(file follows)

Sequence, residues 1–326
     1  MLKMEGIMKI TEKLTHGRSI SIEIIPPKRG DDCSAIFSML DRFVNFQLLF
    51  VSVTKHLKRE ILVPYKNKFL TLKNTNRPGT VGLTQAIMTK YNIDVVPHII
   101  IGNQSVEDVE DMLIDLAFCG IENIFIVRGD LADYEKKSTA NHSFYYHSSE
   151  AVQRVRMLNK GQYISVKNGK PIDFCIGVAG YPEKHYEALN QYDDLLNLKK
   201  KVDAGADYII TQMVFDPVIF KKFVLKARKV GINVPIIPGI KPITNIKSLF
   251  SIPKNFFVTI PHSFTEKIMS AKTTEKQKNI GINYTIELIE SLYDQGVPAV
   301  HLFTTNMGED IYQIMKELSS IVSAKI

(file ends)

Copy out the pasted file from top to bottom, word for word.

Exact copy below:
Sequence, residues 1–326
     1  MLKMEGIMKI TEKLTHGRSI SIEIIPPKRG DDCSAIFSML DRFVNFQLLF
    51  VSVTKHLKRE ILVPYKNKFL TLKNTNRPGT VGLTQAIMTK YNIDVVPHII
   101  IGNQSVEDVE DMLIDLAFCG IENIFIVRGD LADYEKKSTA NHSFYYHSSE
   151  AVQRVRMLNK GQYISVKNGK PIDFCIGVAG YPEKHYEALN QYDDLLNLKK
   201  KVDAGADYII TQMVFDPVIF KKFVLKARKV GINVPIIPGI KPITNIKSLF
   251  SIPKNFFVTI PHSFTEKIMS AKTTEKQKNI GINYTIELIE SLYDQGVPAV
   301  HLFTTNMGED IYQIMKELSS IVSAKI